Inspector Will staggered to his feet. He rubbed his eyes and took another swig from his bottle. The apparition didn't go away. He touched the canvas to convince himself. The paint was wet. He wiped his fingers on the wall and left a green smudge.

Inspector Will prayed he was drunk and it was all just the effect of the whiskey. When he separated the two pieces of canvas, they lost the sea green color, and again became worn and grizzled.

* * * * *

"I still can't explain the cause of death," the pathologist said. "Though I know they were both killed at two a.m."

"I was hoping 10:30 meant the time of death," Will said.

"This is--" Buck shook his head, "unbelievable. Someone ripped an ancient oil painting to bits to make a jigsaw. But it's a--Jesus, when you put the scraps together, you get new paint on the canvas. The old droplets of paint remain underneath, so it looks like someone's painting on an old picture.

"Sorry buddy," he finished, "we can't explain this."

* * * * *

Exactly seven days after the second killing, another man died in a scene no different from the first two, complete with the threatening storm and icy darkness. The butcher left the same clues. The call came in at 2:30 a.m. The ticking clock was stuck at 10:30. The hypnotized concubine cowered under the kitchen table, unable to tell what had happened. Inspector Will found the naked corpse supine on the bed, and a wedding ring sat on a scrap of canvas on the dead man's chest. The third piece of canvas also turned sea green when merged with the first two.

Will took down Lo's picture and put it on the coffee table. He got himself a drink and slumped onto the sofa.

Isn't it amazing, Lo, he said. Men continue to cheat even after what has happened. They just don't get this psycho's message. In seven days time, I'm very certain we'll see another corpse.

Will waited edgily for the next victim. The seven days turned out to be seven hundred years. He rarely left his flat. He sat on the sofa and talked to Lo all day, drunk. Each time his clock went ding-dong, he'd say, Hurrah, Lo. That's another hour gone.

On the day before the fourth killing, the Chief of Police summoned him and said, "The whole country's waiting for you to catch this one." He spoke between his teeth, his face red. "Unfaithful husbands are killed in their lovers' flats. Big news. All the murders occur here in our city. Very big news. So why aren't you catching him?"

"I--uhm--I'm trying chief."

"You've got witnesses--"

"They can't talk."

"The killer leaves behind a hundred clues."

"It's not a normal--this one's--"

"Supernatural? Oh God, Will. Catch him or I'll take the case away from you."

Inspector Will collected the fourth piece of canvas. It took him a few minutes to figure out its place in the jigsaw. He fitted it in and the color immediately turned green. Then something else happened. A white spot appeared in the middle of the picture. Excited, Will used a magnifier to study the white smear and saw a ship, an ancient kind with white sails and a flag he couldn't place.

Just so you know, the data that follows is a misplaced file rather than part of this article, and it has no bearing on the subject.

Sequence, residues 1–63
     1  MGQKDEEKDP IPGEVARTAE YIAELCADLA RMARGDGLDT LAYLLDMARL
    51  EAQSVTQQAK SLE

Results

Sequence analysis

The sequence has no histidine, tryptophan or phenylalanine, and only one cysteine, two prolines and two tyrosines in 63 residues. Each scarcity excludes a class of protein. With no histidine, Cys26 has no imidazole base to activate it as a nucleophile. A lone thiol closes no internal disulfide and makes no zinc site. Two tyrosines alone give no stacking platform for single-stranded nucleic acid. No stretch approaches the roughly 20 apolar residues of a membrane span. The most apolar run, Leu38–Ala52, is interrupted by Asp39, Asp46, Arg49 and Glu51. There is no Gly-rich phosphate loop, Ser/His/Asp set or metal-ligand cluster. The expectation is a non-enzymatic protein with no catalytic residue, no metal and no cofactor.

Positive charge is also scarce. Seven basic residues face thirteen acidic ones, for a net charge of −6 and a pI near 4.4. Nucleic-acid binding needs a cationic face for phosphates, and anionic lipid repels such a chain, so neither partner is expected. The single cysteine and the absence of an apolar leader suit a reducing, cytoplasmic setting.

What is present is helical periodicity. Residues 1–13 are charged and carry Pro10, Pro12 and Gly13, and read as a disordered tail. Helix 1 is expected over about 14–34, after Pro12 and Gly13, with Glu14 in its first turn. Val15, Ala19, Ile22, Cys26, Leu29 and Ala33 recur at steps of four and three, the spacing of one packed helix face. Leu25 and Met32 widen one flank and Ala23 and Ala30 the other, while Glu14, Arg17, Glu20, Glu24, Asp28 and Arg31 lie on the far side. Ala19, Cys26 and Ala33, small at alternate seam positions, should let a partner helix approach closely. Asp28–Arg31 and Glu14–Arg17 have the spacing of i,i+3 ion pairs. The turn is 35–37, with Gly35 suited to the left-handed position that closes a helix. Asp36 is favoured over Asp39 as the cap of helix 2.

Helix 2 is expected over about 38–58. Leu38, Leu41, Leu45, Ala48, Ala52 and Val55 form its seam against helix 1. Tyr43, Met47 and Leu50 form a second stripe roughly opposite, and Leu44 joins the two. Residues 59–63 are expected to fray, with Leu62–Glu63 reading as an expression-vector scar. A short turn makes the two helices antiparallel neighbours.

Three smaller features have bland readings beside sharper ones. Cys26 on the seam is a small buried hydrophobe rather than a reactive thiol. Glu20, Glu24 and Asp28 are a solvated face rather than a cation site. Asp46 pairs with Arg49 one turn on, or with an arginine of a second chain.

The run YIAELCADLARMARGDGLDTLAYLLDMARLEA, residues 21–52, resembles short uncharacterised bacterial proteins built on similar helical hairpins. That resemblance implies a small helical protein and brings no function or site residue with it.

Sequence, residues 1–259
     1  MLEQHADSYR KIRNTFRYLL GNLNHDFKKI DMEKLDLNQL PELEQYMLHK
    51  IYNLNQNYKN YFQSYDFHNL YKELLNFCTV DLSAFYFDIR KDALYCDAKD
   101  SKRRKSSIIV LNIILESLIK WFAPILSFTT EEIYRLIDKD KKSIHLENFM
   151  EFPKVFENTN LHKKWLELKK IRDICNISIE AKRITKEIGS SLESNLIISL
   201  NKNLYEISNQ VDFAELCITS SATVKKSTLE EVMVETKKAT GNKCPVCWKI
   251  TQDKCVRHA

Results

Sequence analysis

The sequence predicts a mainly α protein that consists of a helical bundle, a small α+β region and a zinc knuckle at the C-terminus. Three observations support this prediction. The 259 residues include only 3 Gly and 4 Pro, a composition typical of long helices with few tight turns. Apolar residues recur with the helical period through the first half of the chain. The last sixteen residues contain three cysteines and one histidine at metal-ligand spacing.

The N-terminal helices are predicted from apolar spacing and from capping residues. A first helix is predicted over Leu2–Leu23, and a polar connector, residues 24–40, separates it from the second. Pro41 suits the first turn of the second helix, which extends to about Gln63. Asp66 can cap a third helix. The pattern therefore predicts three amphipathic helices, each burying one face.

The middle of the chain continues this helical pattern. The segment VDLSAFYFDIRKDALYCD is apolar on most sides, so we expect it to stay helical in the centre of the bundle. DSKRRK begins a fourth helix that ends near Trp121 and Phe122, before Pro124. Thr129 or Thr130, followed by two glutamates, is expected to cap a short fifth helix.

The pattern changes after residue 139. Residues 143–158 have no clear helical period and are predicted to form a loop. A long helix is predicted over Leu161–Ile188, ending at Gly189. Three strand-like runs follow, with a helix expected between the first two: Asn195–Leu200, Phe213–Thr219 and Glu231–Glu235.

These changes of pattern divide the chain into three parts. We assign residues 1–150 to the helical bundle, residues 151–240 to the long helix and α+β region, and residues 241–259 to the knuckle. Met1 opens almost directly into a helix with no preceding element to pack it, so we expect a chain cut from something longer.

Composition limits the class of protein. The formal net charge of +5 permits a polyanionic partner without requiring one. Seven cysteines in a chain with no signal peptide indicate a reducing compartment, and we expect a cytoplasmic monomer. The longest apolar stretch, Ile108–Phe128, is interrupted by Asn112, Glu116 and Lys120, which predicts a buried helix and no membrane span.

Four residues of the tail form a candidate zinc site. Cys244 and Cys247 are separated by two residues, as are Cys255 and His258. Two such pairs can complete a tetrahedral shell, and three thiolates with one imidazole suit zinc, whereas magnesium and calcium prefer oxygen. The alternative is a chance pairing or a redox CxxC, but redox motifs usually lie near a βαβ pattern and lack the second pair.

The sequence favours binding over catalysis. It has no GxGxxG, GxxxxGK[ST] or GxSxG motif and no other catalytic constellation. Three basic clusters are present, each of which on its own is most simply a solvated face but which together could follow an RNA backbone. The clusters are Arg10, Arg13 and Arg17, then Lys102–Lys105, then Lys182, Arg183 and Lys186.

He danced around the coffee table. "The picture's coming, Lo," he sang. "It's coming!" For the first time in twenty years, he spoke aloud to his dead wife. He fell to his knees, hugged Leonora's picture, and cried. "Lo, I'm so happy. When the painting is complete, it'll be ours. I'll keep it because it reminds me of how faithful I am to you."

The next seven days were even longer than seven hundred years. This time, however, Will put on a big show of trying to catch the 'Passionate Killer'. He set up a timer that other cops thought was to motivate the team to stop the psycho before he struck again. When they heard him mutter, "ninety hours left," "eighty hours left," they thought he was reading the timer. Three days before the fifth killing, the chief called him and said, "Very well done, Inspector. Keep it up and we'll net this guy."

That evening, he said to his wife, "Good news, Lo. I'm keeping the job. I'll get all the pieces and I'll give you that painting as a present to prove my love. It's a pity the killer takes so much time between his hits, but if he'd picked seven hour intervals, it'd still seem an unnecessarily long period of time." He took a swig from his bottle. "Okay, let's wait. Let's be very patient."

On the night of the fifth murder, Inspector Will contacted the station several times and asked if the psycho had phoned. Each time he called, a sergeant replied, "Not yet, Inspector. His time is 2:30 a.m. Still hours to go."

When 2:30 came, Inspector Will's cell phone rang. He snatched it up at once. The caller identity displayed on the monitor read, 'Passionate Killer.' He hadn't saved any number with that name.